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Let $K$ be a local field, $k$ its residue field and $G_K$, $G_k$ be the absolute Galois groups of $K$ and $k$, respectively.

A Frobenius element is an element $\operatorname{Frob}_K \in G_K$ such that its image under the restriction homomorphism $G_K \to G_k$ is the Frobenius automorphism $x \mapsto x^q$ where $q$ denotes the cardinality of $k$.

Question: Why are all Frobenius elements conjugated to each other?

I have seen this statement quite often already, but I have not figured out why this is true.

I tried it to understand on the level of a finite Galois extension $F/K$, so a Frobenius element there would be an element $\operatorname{Frob}_{F/K} \in \operatorname{Gal}(F/K)$ such that under the restriction homomorphism $\operatorname{Gal}(F/K) \to \operatorname{Gal}(f/k)$ it gets mapped to $x \mapsto x^q$ as before ($f$ is the residue field of $F$). I also know that the residue field degree is exactly the cardinality of $\operatorname{Gal}(f/k)$. But I was not able to see any relation there.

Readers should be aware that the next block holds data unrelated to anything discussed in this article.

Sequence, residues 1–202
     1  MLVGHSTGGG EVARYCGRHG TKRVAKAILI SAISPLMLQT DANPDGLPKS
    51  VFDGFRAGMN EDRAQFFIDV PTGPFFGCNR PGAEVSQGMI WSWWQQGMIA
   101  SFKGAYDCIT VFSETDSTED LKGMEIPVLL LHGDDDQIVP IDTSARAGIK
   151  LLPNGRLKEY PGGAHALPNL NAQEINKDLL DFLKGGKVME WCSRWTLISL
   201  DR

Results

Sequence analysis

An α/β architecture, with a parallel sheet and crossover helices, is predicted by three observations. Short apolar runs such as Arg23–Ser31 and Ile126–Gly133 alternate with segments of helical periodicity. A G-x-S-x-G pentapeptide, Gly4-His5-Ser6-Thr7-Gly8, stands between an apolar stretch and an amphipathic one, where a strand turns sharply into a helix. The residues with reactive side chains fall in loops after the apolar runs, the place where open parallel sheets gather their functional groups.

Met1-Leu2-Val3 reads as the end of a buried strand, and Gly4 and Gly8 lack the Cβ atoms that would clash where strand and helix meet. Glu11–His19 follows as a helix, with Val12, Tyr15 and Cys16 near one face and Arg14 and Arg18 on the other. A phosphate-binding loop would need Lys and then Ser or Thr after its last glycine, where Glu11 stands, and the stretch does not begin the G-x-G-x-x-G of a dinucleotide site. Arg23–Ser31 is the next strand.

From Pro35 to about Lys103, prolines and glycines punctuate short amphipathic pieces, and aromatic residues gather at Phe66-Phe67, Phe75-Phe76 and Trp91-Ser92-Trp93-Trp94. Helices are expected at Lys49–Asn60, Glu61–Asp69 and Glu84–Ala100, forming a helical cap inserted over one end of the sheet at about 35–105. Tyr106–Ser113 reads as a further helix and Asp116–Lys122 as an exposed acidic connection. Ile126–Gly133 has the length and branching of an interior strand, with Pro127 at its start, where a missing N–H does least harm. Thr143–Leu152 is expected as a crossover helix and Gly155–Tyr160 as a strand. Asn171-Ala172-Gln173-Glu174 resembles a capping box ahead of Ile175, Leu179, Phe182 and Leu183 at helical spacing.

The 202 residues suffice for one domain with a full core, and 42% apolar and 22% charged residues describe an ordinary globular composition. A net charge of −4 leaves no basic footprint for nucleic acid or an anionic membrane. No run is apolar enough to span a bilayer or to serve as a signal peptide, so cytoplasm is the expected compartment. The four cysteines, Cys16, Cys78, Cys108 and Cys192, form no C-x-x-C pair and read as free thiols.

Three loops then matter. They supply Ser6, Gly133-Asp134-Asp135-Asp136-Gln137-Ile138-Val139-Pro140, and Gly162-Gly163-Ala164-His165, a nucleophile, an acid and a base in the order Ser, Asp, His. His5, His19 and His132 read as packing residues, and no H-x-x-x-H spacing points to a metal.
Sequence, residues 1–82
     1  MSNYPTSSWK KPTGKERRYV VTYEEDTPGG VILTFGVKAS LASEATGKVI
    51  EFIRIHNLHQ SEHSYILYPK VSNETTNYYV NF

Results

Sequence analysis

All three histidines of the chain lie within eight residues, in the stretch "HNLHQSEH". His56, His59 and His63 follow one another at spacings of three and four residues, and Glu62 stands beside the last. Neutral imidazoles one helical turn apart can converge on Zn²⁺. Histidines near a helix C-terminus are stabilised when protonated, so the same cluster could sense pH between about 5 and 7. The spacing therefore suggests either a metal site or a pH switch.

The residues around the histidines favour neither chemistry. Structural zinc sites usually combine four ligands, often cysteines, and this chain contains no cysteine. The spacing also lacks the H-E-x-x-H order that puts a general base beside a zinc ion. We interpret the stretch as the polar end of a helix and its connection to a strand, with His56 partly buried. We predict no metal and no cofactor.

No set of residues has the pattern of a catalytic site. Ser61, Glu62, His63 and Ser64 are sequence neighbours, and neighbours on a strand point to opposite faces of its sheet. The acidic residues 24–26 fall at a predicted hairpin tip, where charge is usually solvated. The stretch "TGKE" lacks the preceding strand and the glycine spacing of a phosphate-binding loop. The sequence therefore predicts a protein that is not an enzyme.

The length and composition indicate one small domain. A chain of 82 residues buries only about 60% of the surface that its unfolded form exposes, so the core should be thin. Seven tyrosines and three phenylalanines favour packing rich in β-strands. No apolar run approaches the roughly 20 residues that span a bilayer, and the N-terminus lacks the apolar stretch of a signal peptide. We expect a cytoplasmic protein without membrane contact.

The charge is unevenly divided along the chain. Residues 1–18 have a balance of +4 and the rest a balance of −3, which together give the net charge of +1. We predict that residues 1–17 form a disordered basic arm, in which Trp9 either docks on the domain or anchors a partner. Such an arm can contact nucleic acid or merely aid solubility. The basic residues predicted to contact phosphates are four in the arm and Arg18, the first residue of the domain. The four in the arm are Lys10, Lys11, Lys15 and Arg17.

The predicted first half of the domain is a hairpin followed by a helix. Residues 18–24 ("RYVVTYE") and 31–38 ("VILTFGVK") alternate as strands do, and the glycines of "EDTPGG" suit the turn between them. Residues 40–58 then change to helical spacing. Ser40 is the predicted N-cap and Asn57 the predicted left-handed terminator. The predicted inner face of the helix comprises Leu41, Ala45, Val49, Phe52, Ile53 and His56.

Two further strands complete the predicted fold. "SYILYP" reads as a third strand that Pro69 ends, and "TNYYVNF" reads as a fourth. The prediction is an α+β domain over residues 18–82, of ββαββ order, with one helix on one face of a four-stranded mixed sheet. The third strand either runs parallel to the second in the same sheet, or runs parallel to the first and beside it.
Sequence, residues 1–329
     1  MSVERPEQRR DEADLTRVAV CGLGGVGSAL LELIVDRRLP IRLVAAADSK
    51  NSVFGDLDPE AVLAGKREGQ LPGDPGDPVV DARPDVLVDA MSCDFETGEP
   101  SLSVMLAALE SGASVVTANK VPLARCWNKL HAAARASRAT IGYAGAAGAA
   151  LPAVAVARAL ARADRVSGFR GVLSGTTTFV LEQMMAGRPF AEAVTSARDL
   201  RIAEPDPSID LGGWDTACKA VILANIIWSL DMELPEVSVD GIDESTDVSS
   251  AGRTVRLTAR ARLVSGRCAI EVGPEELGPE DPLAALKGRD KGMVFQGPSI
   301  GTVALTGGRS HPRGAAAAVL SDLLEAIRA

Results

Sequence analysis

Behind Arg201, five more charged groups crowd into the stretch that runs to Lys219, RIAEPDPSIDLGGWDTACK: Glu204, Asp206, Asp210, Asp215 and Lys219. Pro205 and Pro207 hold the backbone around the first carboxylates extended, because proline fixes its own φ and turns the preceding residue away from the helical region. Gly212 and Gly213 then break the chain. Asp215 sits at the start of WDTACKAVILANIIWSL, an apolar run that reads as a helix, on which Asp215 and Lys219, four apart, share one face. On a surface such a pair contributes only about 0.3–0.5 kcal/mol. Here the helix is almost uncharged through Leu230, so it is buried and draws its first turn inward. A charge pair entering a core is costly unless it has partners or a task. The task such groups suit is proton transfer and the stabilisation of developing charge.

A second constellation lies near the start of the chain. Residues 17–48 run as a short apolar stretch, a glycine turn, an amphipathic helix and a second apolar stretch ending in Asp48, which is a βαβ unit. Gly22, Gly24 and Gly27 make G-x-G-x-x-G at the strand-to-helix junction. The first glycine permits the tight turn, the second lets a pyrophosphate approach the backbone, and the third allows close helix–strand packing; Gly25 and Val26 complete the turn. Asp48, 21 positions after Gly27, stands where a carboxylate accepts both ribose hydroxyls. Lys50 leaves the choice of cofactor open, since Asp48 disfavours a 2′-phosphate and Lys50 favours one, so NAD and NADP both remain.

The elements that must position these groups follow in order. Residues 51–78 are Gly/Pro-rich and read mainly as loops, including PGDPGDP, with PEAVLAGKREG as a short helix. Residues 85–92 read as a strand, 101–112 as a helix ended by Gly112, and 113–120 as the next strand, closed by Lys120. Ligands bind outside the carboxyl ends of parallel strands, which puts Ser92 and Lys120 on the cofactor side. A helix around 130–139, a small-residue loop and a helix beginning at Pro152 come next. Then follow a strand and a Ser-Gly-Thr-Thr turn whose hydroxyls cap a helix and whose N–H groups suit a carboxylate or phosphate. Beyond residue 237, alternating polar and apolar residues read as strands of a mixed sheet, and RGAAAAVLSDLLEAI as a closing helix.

Could you please help me here? Thank you!

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    $\begingroup$ I believe the notion of conjugacy of Frobenius elements only has relevance in the global case, where you have many primes lying over a given prime. I don't think there is anything to say about conjugacy in the local case. $\endgroup$ – D_S Oct 19 '18 at 3:49

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